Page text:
It's the baptismal day of poet Robert Herrick (books by this author), born in London (1591). He's the author of the lines, "Gather ye rosebuds while ye may, / Old Time is still a-flying, / And this same flower that smiles to-day / To-morrow will be dying." They appear in his poem "To the Virgins, to make much of Time." He worked as a goldsmith, went to college, and left London for the English countryside, where he stayed for many years and wrote most of his poetry. He wrote short lyric poems and songs. He wrote about seducing women and taking advantage of your youth, but he never married and most of the women in his poems were probably imaginary. He also wrote religious poems. His poetry was distributed among friends and eventually reached people in higher places, making Herrick known throughout England. In 1648, he published Hesperides, which contained more than 1,000 poems.

Rome was sacked by the Visigoths on this date in the year 410. It was the first time in 800 years that Rome was successfully invaded, and marked the beginning of the end of the Western Roman Empire.

Alaric, a chieftain in his mid-30s, was the leader of the Visigoths. They came from what is now Germany, and were one of the many tribes who were suffering at the hands of the Roman Empire. Roman leaders enforced higher and higher taxes on the people in their outer provinces, and corrupt local officials grew wealthy while the people stayed poor. Rebellions broke out, and the Visigoths started moving toward Rome.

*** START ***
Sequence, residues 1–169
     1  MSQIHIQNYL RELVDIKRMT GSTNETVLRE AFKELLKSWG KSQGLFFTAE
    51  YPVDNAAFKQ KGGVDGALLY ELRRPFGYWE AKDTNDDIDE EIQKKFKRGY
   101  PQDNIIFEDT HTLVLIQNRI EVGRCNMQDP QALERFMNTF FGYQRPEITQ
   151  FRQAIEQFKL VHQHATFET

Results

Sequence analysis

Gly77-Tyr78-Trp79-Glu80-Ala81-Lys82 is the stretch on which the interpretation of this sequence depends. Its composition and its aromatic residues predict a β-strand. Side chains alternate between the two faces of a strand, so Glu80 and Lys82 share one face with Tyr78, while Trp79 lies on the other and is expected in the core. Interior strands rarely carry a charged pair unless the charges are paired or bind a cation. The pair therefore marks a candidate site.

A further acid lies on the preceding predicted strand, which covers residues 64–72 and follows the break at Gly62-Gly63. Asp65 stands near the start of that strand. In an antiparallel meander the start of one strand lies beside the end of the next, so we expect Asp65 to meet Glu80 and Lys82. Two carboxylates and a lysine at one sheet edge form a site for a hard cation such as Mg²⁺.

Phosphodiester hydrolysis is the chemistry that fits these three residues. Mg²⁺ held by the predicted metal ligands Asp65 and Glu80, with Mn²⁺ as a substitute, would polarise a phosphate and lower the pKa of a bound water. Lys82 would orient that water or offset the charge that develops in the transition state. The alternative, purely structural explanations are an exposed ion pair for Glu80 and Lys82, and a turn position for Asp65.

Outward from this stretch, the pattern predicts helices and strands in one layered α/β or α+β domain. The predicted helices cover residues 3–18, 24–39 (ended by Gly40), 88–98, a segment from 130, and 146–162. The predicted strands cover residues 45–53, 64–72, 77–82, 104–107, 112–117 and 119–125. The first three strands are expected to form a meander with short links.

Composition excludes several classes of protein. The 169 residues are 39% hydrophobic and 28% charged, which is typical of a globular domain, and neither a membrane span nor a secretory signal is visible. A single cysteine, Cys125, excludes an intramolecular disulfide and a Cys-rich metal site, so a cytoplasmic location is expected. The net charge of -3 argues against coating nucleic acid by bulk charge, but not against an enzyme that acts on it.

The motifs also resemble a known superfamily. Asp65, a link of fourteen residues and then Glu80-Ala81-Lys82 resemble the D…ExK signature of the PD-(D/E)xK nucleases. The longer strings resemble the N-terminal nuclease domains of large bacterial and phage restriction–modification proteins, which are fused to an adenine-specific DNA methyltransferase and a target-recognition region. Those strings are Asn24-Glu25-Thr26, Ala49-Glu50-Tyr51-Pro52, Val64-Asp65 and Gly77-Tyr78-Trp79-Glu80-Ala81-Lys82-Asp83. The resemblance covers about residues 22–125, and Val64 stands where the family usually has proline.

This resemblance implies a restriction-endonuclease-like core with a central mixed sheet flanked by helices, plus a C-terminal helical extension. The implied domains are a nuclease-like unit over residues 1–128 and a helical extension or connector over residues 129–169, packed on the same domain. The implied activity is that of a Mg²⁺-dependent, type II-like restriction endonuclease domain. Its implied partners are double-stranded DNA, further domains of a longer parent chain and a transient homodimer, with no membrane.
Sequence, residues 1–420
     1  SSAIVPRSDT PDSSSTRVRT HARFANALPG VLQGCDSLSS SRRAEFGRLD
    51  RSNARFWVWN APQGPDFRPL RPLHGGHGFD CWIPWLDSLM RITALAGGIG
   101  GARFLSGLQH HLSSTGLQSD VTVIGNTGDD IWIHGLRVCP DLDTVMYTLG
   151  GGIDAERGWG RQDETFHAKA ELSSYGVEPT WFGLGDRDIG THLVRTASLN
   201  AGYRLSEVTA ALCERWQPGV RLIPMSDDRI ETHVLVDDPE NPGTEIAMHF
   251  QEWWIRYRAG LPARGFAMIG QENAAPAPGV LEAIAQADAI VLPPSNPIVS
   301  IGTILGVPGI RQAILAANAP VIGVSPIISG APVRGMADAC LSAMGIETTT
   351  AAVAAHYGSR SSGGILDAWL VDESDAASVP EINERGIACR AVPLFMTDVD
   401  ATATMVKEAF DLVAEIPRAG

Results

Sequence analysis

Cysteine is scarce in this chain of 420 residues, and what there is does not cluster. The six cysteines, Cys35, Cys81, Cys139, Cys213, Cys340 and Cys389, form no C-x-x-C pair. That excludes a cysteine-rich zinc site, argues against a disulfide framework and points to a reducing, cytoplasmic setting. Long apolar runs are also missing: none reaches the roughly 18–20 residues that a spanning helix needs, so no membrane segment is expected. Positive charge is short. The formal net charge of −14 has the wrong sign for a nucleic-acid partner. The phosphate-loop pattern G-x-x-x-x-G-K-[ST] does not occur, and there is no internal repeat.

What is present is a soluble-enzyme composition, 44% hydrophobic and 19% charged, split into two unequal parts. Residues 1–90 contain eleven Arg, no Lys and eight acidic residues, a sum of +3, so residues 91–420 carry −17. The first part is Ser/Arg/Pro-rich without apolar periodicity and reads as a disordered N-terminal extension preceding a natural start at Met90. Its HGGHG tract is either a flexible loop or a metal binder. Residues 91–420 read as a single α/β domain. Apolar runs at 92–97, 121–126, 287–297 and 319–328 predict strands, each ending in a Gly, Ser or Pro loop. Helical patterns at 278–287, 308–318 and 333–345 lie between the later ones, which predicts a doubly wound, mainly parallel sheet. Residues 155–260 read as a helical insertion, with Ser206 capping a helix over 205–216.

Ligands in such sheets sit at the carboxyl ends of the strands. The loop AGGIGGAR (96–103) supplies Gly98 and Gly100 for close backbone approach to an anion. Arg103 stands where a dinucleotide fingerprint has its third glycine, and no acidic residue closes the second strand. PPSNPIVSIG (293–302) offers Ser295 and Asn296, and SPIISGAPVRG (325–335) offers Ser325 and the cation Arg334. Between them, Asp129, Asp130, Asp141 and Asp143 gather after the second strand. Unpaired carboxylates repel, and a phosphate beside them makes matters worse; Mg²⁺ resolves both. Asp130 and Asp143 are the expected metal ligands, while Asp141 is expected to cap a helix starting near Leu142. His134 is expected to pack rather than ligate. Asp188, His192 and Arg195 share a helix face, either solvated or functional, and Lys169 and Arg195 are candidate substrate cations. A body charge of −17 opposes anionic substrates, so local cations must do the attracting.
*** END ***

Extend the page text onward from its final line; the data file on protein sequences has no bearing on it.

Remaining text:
The Visigoths began their siege of Rome in 408, and soon residents were starving. Alaric wanted land on which he and his people could settle. He also wanted a position of respect within the empire. He ended his first siege when the Roman Senate paid him off. But after his chief demands were repeatedly rebuffed, he returned to his siege on Rome, this time waging an all-out attack. Rebellious Roman slaves — many of whom had been captured from Germanic tribes — opened the gates to Alaric in the middle of the night. The Visigoths burned, looted, raped, and pillaged, but they treated Christian sites and relics with respect.

St. Jerome, one of the great Church leaders of the day, was living in Bethlehem when Rome fell. He wrote: "In one city, the whole world perished." At its height, the Roman Empire had stretched from Britain and the Atlantic to North Africa and Mesopotamia.

It was on this day in 1456 that the first edition of the Gutenberg Bible was bound and completed in Mainz, Germany. The Gutenberg Bible was the first complete book printed with movable type. The press produced 180 copies of the Bible. Books had been printed on presses before, in China and Korea, with wood and bronze type; but Gutenberg used metal type, and made a press that could print many versions of the same text quickly. His contributions to printing were huge: he created an oil-based printing ink, he figured out how to cast individual pieces of type in metal so that they could be reused, and he designed a functioning printing press. But others before him had come up with similar ideas. Probably the most important thing that Gutenberg did was to develop the entire process of printing — he streamlined a system for assembling the type into a full book and then folding the pages into folios, which were then bound into an entire volume — and to do it all quickly. The techniques that Gutenberg refined were used for hundreds of years, and the publication of the Gutenberg Bible marked a turning point in the availability of knowledge to regular people.